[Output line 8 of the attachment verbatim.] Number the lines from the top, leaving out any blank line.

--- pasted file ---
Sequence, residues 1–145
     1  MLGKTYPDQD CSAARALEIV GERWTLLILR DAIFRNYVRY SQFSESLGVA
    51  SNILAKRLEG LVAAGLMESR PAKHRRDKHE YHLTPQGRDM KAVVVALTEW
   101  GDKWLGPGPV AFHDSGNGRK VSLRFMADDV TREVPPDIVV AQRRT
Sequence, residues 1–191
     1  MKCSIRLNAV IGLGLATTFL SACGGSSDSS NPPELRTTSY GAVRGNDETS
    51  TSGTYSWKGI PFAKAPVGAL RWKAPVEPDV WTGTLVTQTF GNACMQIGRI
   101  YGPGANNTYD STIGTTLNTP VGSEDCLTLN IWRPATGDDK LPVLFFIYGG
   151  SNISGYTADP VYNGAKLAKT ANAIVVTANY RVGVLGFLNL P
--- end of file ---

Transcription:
   101  YGPGANNTYD STIGTTLNTP VGSEDCLTLN IWRPATGDDK LPVLFFIYGG